At the end of the haircut when your stylist or barber asks, “How do you like it?” people commonly respond with just, “It’s fine,” Walker said.

“Those [types of comments] can definitely live in our heads rent-free for a while,” he explained. It can come off that “you’re not a satisfied customer if you’re saying ‘it’s fine.’”

He said a lot of stylists and barbers consider themselves artists and giving them a compliment goes a long way.

“You shouldn’t have to coddle your barber, but [saying something like], ‘You crushed it. This is great. It’s perfect.’ Then we get excited and the next time you come, we don’t have any stress about making you happy,” Walker said.

“Can I have a discount?”

Unless you’re at a chain salon that offers specials, Goudeau said it can be insulting if a client asks for a discount.

“This is not a flea market,” she said. “We’ve paid tens of thousands of hard-earned money to establish this education, license and expertise, so, ‘No, I’m not taking $50 off because it’s your birthday.’”

She recommends discussing your budget in an initial consultation with your stylist. If the service is more than you can spend, ask what adjustments can be made that would fit your budget and look similar to what you want. (For example, try a partial highlight instead of a full highlight.)

Are you sure you don't care how your care comes out?
Paper Boat Creative via Getty Images
Are you sure you don't care how your care comes out?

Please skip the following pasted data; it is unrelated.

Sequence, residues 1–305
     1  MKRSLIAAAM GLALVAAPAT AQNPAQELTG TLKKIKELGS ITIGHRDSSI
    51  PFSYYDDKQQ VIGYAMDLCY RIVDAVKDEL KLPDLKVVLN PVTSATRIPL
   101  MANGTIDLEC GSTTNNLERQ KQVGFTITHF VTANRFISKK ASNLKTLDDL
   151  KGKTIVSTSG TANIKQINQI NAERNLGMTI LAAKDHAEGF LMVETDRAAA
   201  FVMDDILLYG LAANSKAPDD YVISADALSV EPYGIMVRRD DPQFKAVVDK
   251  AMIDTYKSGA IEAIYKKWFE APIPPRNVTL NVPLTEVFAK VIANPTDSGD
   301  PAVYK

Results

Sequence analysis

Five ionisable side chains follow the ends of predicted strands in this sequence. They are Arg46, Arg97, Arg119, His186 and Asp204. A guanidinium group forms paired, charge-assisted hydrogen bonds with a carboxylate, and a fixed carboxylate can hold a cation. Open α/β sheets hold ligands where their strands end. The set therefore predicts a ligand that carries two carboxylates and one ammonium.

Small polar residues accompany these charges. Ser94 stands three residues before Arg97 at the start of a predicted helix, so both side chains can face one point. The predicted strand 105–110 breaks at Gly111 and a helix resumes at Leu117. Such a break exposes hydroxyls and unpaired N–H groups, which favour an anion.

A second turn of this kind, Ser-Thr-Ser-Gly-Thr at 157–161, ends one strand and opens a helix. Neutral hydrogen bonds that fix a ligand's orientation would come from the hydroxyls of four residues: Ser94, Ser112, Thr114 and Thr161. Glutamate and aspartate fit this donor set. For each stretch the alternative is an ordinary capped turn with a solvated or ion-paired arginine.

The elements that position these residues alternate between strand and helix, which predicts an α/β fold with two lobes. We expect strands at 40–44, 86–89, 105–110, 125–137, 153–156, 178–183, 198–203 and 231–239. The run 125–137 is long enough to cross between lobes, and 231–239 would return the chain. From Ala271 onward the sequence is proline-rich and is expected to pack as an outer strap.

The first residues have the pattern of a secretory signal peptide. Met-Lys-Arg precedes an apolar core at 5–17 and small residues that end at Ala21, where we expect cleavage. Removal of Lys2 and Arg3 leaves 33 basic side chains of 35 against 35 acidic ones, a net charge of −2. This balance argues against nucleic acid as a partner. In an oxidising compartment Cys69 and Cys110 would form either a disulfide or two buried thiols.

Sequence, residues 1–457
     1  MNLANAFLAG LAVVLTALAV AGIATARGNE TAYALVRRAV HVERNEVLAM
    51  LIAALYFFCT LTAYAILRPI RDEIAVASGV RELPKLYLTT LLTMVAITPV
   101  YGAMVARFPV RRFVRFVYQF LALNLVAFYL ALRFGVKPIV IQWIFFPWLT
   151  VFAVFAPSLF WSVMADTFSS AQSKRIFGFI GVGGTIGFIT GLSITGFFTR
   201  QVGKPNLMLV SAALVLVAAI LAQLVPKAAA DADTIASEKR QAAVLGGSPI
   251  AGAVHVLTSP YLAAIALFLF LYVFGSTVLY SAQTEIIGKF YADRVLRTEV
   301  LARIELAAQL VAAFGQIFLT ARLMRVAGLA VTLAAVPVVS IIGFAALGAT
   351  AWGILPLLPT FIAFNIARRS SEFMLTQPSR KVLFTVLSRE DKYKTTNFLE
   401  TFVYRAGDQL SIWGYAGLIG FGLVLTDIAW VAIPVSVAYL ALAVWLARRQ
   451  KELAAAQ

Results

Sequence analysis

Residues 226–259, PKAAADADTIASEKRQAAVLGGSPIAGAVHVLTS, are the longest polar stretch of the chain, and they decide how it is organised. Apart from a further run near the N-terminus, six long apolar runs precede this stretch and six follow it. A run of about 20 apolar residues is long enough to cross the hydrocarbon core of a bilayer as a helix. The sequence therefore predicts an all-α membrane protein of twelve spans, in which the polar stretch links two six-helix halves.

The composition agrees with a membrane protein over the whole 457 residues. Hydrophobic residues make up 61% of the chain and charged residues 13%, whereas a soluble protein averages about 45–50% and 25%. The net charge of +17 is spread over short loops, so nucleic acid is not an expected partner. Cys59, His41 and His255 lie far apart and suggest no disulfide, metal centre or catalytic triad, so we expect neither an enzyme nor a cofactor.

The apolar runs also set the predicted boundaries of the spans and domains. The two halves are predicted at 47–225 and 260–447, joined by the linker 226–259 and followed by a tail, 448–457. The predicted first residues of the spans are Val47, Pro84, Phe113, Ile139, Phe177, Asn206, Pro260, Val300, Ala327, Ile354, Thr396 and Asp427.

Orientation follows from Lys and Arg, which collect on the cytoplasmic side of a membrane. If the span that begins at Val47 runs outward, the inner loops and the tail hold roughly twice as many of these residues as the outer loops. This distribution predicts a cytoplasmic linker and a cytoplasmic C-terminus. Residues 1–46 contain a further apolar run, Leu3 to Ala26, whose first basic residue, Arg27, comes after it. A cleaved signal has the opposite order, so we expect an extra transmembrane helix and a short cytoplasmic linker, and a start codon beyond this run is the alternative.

“I don’t care what you do with my hair.”

This phrase is OK to say if you actually mean it. But when people have a vision for their hair and don’t express it, that can be frustrating, Walker said.

“People sit down and say, ‘Oh, I don’t care. What do you think? I’m not picky.’ … And then at the very end, it’s incredibly common for people to then voice their opinions,” he explained.

It’s one thing if they’re asking for tweaks at the end, but if clients have strong opinions for the overall haircut, he prefers they tell him at the beginning.

“It’s very easy at the start to [say], ‘I really love this about my hair. Or ‘I don’t want to go too short here.’”

Goudeau suggests bringing in lots of pictures and showing your stylist what you like — and even dislike — about them.

A good barber or hairstylist should also ask a lot of questions, but it’s up to the client to be clear and honest about what they want.

Let me tell you all about [insert deeply personal issue here].”